But then there is the rampant discounting undertaken by retailers in an attempt to get consumers to part with their cash. As a result the ‘underlying rate’ – excludes volatile factors – may have only risen by 0.6 per cent, keeping annual growth in the lower end of the two to three per cent target band near 2.1 per cent.

Apart from the CPI, the other indicators to watch over the week are private sector credit (lending) and the RP Data-Rismark home price index, both out on Friday. Expect a 0.3 per cent lift in credit and flat home prices.

In contrast to Australia, there is clearly not a shortage of indicators or events to track over the coming week. On Monday, data on new home sales is released while the Case Shiller home price series and consumer confidence are both on the agenda for Tuesday.

On Wednesday the Federal Reserve will hand down its interest rate decision (Thursday morning AEST 4.15am) while data on durable goods orders is issued. The advance reading of economic growth (GDP) for the March quarter is released on Thursday together with pending home sales. And on Friday, personal income and spending, the employment cost index, consumer sentiment index and Chicago purchasing managers index are all scheduled.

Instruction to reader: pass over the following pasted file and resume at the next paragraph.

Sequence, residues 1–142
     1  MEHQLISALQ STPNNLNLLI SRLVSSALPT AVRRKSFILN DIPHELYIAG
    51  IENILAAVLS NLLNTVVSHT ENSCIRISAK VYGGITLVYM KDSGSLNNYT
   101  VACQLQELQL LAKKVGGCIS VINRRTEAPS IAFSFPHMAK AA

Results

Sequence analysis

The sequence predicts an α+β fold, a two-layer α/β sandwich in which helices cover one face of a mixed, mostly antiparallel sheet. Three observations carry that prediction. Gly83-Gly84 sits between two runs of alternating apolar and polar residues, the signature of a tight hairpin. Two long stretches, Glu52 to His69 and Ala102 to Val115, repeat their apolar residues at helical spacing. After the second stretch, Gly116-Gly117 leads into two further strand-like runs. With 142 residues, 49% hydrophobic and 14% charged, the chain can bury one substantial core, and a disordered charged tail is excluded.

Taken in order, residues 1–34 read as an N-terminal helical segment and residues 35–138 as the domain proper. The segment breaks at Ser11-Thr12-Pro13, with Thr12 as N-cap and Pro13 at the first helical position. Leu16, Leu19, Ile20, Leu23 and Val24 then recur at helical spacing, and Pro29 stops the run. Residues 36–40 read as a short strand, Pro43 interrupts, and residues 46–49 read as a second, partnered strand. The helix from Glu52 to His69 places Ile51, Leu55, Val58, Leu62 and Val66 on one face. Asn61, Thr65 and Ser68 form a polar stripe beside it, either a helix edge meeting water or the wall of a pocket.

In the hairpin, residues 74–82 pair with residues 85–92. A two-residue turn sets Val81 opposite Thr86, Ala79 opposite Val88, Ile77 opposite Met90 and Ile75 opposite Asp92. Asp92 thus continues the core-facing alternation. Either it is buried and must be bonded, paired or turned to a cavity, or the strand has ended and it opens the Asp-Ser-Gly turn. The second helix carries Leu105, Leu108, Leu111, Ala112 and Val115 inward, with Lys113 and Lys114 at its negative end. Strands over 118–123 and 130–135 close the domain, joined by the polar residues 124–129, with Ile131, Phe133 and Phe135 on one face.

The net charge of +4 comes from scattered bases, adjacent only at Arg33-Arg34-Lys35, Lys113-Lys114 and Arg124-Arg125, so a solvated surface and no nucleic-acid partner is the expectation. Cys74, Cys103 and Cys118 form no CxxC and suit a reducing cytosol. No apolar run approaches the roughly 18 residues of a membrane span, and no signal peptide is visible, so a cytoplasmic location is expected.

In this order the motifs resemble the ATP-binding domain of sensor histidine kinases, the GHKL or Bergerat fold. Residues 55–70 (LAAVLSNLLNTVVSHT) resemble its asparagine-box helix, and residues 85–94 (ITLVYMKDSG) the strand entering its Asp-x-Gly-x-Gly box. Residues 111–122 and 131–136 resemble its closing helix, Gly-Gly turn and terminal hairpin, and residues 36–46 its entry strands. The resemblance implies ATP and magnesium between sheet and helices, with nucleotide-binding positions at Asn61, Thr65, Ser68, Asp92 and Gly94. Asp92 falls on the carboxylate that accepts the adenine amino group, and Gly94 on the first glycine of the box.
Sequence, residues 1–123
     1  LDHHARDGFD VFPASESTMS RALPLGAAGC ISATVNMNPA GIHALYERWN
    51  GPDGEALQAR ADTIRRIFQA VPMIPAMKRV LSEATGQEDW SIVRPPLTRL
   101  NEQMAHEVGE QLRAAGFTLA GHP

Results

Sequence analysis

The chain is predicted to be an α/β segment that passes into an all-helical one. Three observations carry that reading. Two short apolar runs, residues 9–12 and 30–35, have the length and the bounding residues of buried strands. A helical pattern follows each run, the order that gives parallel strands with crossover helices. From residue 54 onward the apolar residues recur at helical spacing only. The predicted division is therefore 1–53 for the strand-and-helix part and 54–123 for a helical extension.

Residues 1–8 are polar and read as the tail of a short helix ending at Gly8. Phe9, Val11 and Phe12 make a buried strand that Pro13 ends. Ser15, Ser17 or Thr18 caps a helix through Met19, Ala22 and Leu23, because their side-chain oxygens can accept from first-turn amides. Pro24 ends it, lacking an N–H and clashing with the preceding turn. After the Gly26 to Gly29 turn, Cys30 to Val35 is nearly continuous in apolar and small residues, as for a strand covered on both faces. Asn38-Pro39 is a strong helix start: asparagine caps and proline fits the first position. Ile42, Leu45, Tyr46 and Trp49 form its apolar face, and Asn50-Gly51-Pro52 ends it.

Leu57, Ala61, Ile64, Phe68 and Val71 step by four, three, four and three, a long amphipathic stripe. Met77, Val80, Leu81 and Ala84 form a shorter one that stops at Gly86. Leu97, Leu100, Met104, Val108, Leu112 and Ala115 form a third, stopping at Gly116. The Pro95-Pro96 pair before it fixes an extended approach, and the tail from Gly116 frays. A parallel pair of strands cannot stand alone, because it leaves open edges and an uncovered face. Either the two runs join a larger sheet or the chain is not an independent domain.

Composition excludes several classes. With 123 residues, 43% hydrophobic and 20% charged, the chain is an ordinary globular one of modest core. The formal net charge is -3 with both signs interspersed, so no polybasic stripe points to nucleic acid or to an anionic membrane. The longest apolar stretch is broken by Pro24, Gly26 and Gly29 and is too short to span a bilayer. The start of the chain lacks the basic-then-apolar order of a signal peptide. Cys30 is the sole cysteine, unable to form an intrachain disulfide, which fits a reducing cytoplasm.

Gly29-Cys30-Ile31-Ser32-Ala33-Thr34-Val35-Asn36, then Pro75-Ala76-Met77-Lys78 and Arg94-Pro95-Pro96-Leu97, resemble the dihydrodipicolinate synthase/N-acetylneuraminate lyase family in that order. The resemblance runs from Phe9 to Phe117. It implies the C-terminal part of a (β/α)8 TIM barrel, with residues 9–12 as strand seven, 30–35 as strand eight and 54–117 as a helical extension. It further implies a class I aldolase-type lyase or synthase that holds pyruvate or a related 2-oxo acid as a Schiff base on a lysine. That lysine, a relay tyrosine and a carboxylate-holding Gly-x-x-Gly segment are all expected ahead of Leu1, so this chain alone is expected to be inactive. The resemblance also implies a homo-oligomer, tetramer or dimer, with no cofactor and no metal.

The two key events to watch are the Federal Reserve decision and economic growth estimates. Federal Reserve members have been sprouting a variety of views in recent times. Some believe that the second installment of quantitative easing (effectively printing money) should run its course while others believe the Fed should be starting to think about tightening policy. Federal Reserve chairman Ben Bernanke doesn’t seem to be in a rush to remove monetary stimulus, as highlighted by his ‘dovish’ views on inflation risks. But we’ll get a chance to hear his views in more depth, as this will be the first meeting to be followed by web conference.